IN a recent issue of the Paris “Le Temps,” the young French naval officer who has made such a brilliant record as an aviator under the pseudonym of Andre Beaumont, discusses the present status and future possibilities of the aeroplane as a factor in naval maneuvers. We take pleasure in reproducing here the greater part of this interesting exposition, omitting some introductory remarks of a biographical character, and taking up the author's words at the point where he enters upon his main theme.—Ed. Must we seek for marine service the ideal machine which takes flight from the earth, poises itself upon a troubled sea, renews its flight unharmed, executes maneuvers about the' fleet, and then at will returns to land or casts anchor in port? Unfortunately such a machine does not exist to-day, and I am afraid it will not be produced for a year or two, despite the laudable efforts of our constructors, and meanwhile must we be deprived of the aid of aviation in the marine? To my mind that would be a mistake, and we should be depriving ourselves of an auxiliary already powerful and capable of becoming redoubtable if handled with the skill and daring which have always been -among the professional qualities of sailors. Why wait for future progress when the actual state of affairs is so satisfactory? Let the constructors continue their researches; let us help and encourage them, and, if necessary, undertake parallel studies in the navy. Let us urge experimental trials, but let us begin by adopting the actual machine that we may profit immediately by the progress attained. Let us consider how the machine of to-day can be of service: We can have in the first place the “coast aeroplane,” which, rising from a point of departure in proximity to a port of war, could fly out to a great distance over the watei-(30 miles, for instance), and, mounting to a great height, from 1,500 to 4,500 feet, according to the clearness of the atmosphere, descry upon the distant horizon the presence of a hostile squadron or a fleet of torpedo boats. It could observe the number, strength, formation, and direction of the enemy, and in less than an hour and a half return with a report which would at present require the employment of two 0” three cruisers. or ten torpedo-boat destroyers, and two or three times as great a lapse of time. Then there is the search for submarines or mines placed by the enemy in - the channels of safe exit from ports. The recent experiments of the aviator Au-brun at Cherbourg have shown that from a height it is possible to see a considerable depth down into the water. The “aeroplane of the high seas” would be capable of a mission of larger extent and greater radius than the coast aeroplane. This is the machine belonging to a specially equipped convoy boat (not a man-of-war). The aeroplane rises from (Continued on jjaye 3&7.)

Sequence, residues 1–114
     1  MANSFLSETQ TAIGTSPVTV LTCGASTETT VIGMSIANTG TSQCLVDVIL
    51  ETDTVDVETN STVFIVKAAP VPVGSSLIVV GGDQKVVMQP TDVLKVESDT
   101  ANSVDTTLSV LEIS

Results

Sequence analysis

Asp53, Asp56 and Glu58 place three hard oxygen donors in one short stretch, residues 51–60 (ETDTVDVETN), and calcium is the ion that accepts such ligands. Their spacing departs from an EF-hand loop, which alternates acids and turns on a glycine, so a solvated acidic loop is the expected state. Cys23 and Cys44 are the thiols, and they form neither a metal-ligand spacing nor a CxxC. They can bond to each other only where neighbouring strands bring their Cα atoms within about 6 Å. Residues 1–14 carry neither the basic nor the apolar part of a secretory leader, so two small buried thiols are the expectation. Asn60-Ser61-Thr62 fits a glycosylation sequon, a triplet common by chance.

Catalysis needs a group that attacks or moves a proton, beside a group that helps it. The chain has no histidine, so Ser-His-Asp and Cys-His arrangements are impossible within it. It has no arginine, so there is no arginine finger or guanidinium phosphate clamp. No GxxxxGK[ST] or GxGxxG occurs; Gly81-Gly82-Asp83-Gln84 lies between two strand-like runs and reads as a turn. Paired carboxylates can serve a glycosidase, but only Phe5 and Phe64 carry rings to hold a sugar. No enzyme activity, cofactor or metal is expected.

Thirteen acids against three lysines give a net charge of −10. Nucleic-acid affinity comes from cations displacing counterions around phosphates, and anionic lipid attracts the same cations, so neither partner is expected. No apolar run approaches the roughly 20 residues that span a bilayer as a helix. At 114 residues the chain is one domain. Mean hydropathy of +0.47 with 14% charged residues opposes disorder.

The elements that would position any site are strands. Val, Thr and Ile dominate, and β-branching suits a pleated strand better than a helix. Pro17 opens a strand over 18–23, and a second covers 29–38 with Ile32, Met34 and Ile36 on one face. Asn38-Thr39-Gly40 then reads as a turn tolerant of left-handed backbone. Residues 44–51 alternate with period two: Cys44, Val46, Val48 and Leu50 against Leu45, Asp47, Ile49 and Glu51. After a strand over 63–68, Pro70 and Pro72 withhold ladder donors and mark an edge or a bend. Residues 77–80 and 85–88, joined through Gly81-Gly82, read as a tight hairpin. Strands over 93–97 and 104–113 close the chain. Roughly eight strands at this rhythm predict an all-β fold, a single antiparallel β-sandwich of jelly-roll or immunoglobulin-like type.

This article was originally published with the title "The Aeroplane in Naval Service"